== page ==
I think I've known the answer for a class, just want to confirm my understanding is correct. Let's say I have a `ClassA`

and its instance named `a`

. When `a.MethodA()`

is invoked:

(1) CLR find the type of `ClassA`

by the *type pointer* of `a`

in the heap(the type have been loaded into the heap)

(2) Find the `MethodA`

in the type, if not found, go to its base type, until the `object`

class.

Maybe my understanding is not quite precise, but I think it's basicly correct(Correct me if it's wrong!). And here comes the question of a simple *struct*.

```
struct MyStruct
{
public void MethodA() { }
}
```

I have `var x = new MyStruct();`

, its value is on the stack, and the type of `MyStruct`

has been loaded into the heap. When execute `x.MethodA()`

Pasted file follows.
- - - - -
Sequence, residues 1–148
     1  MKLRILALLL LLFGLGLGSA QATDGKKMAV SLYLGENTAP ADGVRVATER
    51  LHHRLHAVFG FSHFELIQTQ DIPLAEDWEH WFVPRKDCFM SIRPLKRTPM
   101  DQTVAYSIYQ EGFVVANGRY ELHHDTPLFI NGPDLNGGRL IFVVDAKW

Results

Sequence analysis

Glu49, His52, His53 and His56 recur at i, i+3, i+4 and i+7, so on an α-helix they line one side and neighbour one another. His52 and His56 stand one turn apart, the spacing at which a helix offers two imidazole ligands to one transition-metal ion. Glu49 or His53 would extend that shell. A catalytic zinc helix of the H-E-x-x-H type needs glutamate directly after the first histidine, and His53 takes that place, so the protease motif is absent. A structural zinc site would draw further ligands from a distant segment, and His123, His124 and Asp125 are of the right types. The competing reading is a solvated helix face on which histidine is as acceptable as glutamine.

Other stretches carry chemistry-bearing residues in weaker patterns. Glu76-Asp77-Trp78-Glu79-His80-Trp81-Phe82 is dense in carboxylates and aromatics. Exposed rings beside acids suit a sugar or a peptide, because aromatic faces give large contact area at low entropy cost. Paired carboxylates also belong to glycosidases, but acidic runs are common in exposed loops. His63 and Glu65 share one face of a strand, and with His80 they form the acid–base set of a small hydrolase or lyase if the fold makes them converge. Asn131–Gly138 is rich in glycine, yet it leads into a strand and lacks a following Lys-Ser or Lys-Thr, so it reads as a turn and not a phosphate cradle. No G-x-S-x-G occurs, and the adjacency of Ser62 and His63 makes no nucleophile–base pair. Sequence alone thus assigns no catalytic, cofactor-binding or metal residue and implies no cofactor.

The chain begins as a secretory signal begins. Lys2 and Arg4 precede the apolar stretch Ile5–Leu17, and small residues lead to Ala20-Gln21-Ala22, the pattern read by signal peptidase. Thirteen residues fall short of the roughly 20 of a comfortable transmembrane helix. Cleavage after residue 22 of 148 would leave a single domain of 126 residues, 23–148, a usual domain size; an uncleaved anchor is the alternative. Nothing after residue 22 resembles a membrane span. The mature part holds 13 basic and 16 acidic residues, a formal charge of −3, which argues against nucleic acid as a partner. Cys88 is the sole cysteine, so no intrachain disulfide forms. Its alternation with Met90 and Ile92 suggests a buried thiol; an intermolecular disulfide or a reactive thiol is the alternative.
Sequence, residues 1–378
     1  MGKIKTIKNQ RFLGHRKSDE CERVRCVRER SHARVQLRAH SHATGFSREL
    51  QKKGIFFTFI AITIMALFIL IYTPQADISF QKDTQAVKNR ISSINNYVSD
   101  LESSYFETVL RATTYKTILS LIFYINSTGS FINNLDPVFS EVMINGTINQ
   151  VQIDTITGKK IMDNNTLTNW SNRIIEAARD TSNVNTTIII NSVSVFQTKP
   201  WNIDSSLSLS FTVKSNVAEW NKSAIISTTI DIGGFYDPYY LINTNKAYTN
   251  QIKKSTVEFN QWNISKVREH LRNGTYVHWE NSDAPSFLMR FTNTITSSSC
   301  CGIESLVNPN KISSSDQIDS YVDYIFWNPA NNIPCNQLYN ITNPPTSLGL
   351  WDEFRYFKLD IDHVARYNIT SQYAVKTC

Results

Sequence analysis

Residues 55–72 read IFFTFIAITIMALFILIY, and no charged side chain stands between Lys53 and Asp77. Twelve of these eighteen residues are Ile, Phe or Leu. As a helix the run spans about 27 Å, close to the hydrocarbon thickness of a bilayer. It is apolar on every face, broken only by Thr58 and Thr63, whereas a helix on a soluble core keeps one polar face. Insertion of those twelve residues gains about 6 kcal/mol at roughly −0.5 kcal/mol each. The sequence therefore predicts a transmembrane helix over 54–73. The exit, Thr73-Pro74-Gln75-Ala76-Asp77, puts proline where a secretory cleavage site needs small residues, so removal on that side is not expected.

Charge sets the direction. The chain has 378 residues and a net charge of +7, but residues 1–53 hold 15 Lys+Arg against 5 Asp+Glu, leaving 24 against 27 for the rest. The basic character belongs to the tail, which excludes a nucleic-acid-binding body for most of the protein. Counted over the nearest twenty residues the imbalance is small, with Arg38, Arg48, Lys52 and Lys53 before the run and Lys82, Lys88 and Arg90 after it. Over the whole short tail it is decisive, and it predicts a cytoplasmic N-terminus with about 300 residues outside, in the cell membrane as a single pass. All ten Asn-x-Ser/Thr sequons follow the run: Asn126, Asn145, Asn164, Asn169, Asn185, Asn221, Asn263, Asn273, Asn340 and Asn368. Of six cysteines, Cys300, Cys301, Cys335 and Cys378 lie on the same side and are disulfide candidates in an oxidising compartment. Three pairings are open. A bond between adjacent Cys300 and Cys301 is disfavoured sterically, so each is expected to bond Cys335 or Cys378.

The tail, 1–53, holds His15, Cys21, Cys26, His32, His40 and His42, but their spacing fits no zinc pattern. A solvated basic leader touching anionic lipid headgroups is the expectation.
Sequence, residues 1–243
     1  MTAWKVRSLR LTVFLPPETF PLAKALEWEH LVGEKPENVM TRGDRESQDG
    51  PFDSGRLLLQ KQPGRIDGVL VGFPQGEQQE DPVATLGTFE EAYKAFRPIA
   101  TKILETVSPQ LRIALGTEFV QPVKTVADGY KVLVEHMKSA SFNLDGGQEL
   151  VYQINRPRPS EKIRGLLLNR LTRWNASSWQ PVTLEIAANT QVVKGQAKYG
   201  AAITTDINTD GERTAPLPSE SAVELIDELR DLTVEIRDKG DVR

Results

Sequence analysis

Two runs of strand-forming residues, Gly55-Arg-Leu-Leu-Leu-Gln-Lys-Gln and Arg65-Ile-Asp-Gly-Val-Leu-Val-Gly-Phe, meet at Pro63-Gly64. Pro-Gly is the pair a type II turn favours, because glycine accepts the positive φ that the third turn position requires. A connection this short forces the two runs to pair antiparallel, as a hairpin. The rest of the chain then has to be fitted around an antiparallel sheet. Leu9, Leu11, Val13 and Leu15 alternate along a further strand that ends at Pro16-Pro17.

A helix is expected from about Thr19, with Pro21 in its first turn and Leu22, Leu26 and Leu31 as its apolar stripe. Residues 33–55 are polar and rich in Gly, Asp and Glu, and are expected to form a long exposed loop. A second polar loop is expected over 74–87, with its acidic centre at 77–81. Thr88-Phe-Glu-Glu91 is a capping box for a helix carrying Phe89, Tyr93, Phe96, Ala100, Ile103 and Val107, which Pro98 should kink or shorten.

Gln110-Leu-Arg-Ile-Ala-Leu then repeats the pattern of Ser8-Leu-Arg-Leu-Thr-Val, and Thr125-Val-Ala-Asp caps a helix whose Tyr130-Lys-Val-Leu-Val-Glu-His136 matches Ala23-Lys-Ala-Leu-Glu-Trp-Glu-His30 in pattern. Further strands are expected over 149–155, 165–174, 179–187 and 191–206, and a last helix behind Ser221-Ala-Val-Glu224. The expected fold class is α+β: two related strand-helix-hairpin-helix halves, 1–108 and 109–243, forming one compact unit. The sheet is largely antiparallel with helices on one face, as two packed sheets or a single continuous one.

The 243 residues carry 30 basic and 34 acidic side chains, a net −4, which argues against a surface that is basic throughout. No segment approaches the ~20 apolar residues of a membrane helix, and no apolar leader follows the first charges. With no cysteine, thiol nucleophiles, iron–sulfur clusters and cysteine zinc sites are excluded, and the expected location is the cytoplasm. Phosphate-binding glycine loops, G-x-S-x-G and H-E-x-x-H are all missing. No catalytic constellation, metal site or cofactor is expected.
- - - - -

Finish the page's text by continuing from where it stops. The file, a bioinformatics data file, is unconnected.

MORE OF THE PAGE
, of course no boxing. How CLR find `MethodA`

and get the IL and execute/JIT it? I think the answer is probably:(again, correct me if I'm wrong)

(1) we have the *declaring type* of `x`

on the stack. CLR find its type by the info on the stack, and find `MethodA`

in its type. -- let's call it `assumptionA`

.

I'll be happy if you tell me my `assumptionA`

is correct. But even it's wrong, it tells a truth: CLR has a way to find a struct's type without boxing.

Now what about `x.ToString()`

or `x.GetType()`

? We know that the value will be boxed, and then it will perform like a class. But why do we need boxing here? Since we can get its type(assumptionA tells us), why not go to its base type and find the method(just like a class)? Why need an expensive box operations here?